If Bush v. Gore was not proof enough that the Supreme Court is now the judicial arm of the Republican Party, Citizens United v. Federal Election Commission should erase any doubts. The 5-4 decision this past January, which overturned a century of statutory and judge-made law, freed corporations to draw on the trillions of dollars in their treasuries to back their Republican allies and overwhelm the opposition. What John Marshall called an "artificial being" now has the power to influence election outcomes far beyond that of any natural person.
Unfortunately, Bush v. Gore and Citizens United don’t stand alone. The past ten years have seen a series of decisions tilting the electoral playing field toward the Republicans, all of which violated established legal and constitutional principles.
As James Madison foresaw, democratic politics is shaped by a continuing struggle between the haves and the have-nots. The former have the money but the latter have the numbers, and in a democracy, numbers are what is supposed to count. The Republican Party, the political organ of the haves, has therefore adopted a two-part strategy: the first part calls for efforts to reduce the have-nots’ share of the overall population, which determines the composition of the House of Representatives, as well as their proportion of the voting population; the second part of the strategy is to spend massive amounts of money to dominate the public debate.
The Constitution requires an "actual Enumeration" of the population every ten years, after which "Representatives shall be apportioned among the several States according to their respective numbers"; a similar enumeration is used for allocating federal dollars to states and localities. The problem is that even with the most advanced canvassing and mail techniques, the census undercounts minorities, the poor, immigrants, children and renters, the eligible voters among whom generally vote Democratic. In 1990, the census missed more than five million people—mostly immigrants and urban minorities, including 4.9 percent of all Hispanics and 4.6 percent of all blacks—while double-counting numerous whites.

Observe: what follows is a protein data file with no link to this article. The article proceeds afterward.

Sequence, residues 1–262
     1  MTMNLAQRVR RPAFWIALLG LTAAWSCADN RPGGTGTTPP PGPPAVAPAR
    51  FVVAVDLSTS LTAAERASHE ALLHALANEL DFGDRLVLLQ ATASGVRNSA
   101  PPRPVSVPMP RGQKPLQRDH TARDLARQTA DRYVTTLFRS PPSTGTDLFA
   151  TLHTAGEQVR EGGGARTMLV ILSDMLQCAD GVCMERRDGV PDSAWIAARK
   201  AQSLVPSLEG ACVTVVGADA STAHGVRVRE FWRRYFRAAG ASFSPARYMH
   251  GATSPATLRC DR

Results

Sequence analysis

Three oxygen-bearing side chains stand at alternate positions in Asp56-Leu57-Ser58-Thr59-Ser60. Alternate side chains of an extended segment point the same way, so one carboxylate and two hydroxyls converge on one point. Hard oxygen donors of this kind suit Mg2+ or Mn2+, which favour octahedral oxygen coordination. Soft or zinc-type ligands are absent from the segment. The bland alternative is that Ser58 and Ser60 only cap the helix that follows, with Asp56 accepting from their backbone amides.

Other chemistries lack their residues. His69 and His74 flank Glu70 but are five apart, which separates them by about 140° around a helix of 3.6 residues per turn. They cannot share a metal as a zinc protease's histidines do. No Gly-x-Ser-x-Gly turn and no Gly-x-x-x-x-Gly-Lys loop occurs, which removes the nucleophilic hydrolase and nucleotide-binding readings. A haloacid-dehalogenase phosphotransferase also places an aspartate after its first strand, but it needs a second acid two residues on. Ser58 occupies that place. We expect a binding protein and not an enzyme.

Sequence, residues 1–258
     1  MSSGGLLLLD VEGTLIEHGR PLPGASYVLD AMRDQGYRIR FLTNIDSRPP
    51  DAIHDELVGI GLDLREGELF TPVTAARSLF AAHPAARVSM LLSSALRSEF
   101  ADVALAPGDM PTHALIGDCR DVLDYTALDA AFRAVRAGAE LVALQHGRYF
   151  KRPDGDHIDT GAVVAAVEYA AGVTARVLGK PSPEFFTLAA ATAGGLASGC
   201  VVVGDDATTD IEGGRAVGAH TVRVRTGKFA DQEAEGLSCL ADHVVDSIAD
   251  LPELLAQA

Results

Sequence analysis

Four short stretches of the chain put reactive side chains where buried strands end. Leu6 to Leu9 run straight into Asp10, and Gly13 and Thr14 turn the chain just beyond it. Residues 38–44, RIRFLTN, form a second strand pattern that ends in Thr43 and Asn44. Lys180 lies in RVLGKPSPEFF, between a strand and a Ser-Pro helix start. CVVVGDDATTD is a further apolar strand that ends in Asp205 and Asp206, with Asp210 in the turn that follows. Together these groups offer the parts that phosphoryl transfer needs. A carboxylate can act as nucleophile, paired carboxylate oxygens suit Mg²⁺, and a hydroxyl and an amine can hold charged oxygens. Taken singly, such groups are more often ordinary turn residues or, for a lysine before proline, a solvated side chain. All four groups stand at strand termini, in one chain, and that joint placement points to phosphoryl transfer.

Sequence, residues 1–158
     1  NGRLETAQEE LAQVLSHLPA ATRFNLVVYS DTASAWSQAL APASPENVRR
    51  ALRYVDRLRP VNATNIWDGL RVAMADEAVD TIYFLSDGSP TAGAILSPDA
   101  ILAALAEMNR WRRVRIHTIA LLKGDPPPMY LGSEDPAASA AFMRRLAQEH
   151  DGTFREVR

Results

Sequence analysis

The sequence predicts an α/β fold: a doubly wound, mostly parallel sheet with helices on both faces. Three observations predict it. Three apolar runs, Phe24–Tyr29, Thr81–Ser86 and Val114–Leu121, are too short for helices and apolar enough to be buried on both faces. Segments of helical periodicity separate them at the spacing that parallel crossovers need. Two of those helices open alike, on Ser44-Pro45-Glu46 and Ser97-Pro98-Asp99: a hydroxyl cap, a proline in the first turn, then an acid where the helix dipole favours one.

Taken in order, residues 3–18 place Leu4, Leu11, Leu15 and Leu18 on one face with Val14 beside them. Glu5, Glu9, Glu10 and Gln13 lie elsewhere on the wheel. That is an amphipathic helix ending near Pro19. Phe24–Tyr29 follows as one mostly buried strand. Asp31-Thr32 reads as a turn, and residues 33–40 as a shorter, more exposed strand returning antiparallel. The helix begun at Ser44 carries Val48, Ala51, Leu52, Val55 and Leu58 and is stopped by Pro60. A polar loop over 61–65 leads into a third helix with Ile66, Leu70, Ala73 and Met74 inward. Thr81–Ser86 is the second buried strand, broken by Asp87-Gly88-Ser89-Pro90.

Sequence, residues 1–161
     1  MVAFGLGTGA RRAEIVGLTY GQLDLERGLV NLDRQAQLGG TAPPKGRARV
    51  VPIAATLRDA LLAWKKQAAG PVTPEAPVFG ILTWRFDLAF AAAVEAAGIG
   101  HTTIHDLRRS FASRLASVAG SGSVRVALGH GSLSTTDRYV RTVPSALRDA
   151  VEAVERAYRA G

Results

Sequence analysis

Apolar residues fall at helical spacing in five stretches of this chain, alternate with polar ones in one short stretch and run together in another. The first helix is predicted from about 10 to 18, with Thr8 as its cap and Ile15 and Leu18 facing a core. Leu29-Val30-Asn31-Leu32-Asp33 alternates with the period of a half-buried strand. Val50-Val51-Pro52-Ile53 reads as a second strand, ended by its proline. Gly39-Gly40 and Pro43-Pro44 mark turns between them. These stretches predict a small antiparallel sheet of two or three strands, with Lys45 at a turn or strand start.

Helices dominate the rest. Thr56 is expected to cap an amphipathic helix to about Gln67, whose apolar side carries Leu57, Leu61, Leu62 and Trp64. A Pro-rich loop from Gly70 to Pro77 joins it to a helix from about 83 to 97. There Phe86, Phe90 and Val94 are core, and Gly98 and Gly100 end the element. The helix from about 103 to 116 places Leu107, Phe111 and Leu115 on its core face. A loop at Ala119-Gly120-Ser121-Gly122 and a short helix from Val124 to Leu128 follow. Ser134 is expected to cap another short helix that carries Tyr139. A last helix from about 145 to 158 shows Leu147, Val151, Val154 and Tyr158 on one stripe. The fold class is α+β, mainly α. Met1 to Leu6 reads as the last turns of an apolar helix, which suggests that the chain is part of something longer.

Modern statistical sampling techniques make possible a more reliable count, so for the 2000 census the bureau proposed to sample a small segment of the population to supplement the traditional methods. That would have added millions of people, most of whom would almost certainly be from Democratic areas. This obviously did not sit well with Republicans and to prevent any sampling, the Republican-controlled House of Representatives filed suit in 1998.
Writing for the Court’s five right-wing justices, Justice Sandra Day O’Connor admitted that two recent Census Act amendments could easily be read to authorize sampling. In fact, that was the only reading that reconciled the two provisions. Nevertheless, she looked to prior practice and Congressional attitudes going back over 200 years—even though accurate survey techniques are relatively new—and barred sampling for legislative apportionment. The Court thereby forced the bureau to use a method for deciding who would govern the nation that everyone knew would produce an inaccurate result, hardly what the framers could have wanted.
The result of the 2000 census was preordained: after the census was taken, a 2003 study by the bureau concluded that the official numbers missed some 628,000 blacks and 248,000 Hispanics and overcounted 2.15 million whites. And because sampling is still forbidden, the 2010 census is equally likely to undercount these same groups, especially immigrants who in today’s toxic anti-immigrant atmosphere avoid contact with any government agency. States with large minority and immigrant populations will thus have substantially less representation in Congress than they are entitled to.